Louis Gossett Jr. Almost Played for the Knicks Years Before His History-Making Oscar Win

Louis Gossett Jr., who died at 87 Thursday, told PEOPLE in January that he was training with the NBA's Knicks when he was cast in the play 'A Raisin in the Sun'

<p>Taylor Hill/Getty</p> Louis Gossett Jr. on Dec. 8, 2015

Taylor Hill/Getty

Louis Gossett Jr. on Dec. 8, 2015

Louis Gossett Jr., the Academy Award-winning actor who died at 87 Thursday, acted on stage and on the big screen for more than six decades — but he also once starred on the basketball court.

In an interview with PEOPLE in January, the late actor recalled his winding road to Hollywood. The New York City native had already begun performing on Broadway in the early 1950s when he finished high school and headed to NYU on a scholarship. At the time, he also had hoop dreams.

The NBA's New York Knicks signed Gossett to a professional contract upon his graduation in 1958, per a profile on the actor in WGBH, but it was not long before he returned to the stage and then found his way to films.

I was at rookie training for the [New York] Knicks when I got a call from [playwright] Lorraine Hansberry to be a part of A Raisin in the Sun,” Gossett said of the original 1959 Broadway production of the iconic play, in which he starred opposite Sidney Poitier.

When he heard about what the role paid, Gossett knew it was time to pivot. “They said the part comes with a $700 per diem, more money than most professional athletes had in the bank at the time. I put the basketball down, and the rest is history.”

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<p>Ron Turenne/NBAE via Getty</p> Louis Gosset Jr. at an NBA game on Nov. 19, 2014

Ron Turenne/NBAE via Getty

Louis Gosset Jr. at an NBA game on Nov. 19, 2014

A skilled guitarist, Gossett told PEOPLE his career in music suffered a similar fate. In between theater gigs, “I passed the brass playing in the coffee shops down in the Village,” he recalled. “Once I got my first acting job, I quit the [music] business.”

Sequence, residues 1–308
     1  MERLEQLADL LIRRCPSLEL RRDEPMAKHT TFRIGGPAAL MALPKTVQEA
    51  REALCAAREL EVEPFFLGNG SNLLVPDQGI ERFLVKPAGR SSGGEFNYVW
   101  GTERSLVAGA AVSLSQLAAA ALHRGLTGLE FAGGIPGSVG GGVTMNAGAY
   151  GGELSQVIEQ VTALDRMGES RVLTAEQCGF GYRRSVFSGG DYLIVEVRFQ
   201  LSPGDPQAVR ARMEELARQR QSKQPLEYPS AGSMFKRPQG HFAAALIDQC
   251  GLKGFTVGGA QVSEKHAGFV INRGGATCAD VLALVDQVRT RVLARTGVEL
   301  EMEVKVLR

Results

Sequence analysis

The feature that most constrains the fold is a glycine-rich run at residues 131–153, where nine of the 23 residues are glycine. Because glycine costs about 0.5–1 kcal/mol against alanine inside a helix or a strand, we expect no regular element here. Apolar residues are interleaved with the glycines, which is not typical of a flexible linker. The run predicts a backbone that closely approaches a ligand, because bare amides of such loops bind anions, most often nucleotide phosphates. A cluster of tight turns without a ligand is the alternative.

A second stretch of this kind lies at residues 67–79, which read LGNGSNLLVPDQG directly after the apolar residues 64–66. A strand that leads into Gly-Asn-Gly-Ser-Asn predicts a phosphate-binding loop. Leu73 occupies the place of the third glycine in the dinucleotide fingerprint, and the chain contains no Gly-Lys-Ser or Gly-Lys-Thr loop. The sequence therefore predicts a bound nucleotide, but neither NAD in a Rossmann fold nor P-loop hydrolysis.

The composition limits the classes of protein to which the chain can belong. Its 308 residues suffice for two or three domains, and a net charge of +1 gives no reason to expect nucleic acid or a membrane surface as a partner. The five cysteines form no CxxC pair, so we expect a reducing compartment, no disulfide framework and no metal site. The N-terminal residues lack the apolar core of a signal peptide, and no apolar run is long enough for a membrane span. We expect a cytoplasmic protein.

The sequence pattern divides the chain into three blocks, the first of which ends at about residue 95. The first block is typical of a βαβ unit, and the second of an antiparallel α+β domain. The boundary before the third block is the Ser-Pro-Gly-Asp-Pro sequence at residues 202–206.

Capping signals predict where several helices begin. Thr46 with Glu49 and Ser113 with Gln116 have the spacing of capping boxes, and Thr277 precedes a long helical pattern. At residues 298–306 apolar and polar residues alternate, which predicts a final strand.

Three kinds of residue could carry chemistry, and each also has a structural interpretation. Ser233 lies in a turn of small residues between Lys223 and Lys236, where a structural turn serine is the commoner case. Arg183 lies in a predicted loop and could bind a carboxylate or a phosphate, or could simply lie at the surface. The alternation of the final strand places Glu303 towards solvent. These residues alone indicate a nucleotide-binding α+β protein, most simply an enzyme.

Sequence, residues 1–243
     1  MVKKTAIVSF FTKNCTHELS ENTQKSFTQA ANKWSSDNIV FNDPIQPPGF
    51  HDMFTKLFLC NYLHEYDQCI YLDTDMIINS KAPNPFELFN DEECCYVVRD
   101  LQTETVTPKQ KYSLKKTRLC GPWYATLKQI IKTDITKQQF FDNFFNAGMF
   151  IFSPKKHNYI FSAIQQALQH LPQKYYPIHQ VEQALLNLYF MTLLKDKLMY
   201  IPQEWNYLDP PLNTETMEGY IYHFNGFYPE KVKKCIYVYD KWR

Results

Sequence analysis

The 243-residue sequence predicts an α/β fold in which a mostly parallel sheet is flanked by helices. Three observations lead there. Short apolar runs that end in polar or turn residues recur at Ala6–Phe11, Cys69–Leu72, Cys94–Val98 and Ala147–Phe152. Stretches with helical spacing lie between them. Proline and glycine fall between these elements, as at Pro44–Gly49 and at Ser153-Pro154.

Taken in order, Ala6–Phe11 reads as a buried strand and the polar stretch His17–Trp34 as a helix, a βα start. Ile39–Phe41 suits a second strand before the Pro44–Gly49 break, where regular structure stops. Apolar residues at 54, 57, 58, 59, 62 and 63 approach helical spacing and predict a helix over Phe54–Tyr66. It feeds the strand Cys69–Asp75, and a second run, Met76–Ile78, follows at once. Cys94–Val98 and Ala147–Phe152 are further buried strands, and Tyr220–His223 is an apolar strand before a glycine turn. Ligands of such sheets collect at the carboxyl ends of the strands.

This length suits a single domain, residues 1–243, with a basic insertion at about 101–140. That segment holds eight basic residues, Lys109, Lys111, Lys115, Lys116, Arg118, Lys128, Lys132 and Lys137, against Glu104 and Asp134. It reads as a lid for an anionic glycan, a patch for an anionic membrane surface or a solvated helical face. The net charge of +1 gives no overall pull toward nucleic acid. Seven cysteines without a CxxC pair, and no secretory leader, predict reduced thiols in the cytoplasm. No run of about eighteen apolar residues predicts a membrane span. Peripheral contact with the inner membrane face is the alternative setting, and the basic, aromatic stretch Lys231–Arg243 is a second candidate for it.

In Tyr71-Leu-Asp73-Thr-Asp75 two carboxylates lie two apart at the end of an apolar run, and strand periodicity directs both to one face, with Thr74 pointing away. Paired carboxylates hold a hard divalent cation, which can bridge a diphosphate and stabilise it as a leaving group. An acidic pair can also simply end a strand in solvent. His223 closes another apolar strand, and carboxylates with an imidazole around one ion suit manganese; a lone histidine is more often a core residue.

In the ’60s, he moved to Los Angeles and launched his film and TV career. An Emmy for his role in the seminal 1977 TV miniseries Roots followed. In 1983 he became the first Black Best Supporting Actor Oscar winner, for his show-stopping turn as a tough Marine drill instructor in An Officer and a Gentleman, opposite Richard Gere.

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Gossett said that he was far from the first choice for the role. "They had hired another actor who was White, but when director Taylor Hackford found out that 75% of the Marine DI's were Black, they paid him off and hired me. I went down to San Diego Marine Corps to learn for six weeks. When I showed up on set, I was a marine."

<p>Bill Nation/Sygma via Getty</p> Louis Gossett Jr. at the 55th Oscars in 1983

Bill Nation/Sygma via Getty

Louis Gossett Jr. at the 55th Oscars in 1983

Thinking back to filming, he recalled his costar Gere struggling when they filmed their memorable mud scene together. "I remember that was a weekend. It was tough for Richard to do," he said. "But he's a great man, I like him a lot. The truth is we were all stars of that movie."

Over the next four decades following his big win for the role, Gossett continued to choose projects with a purpose, including his most-recent role as an obstinate patriarch in The Color Purple. As for retirement, that was not in his plan. “I’m still here,” he said. “God must have something left for me to do.”

Gossett, who had been married and divorced three times, is survived by his two adult sons, Satie and Sharron.

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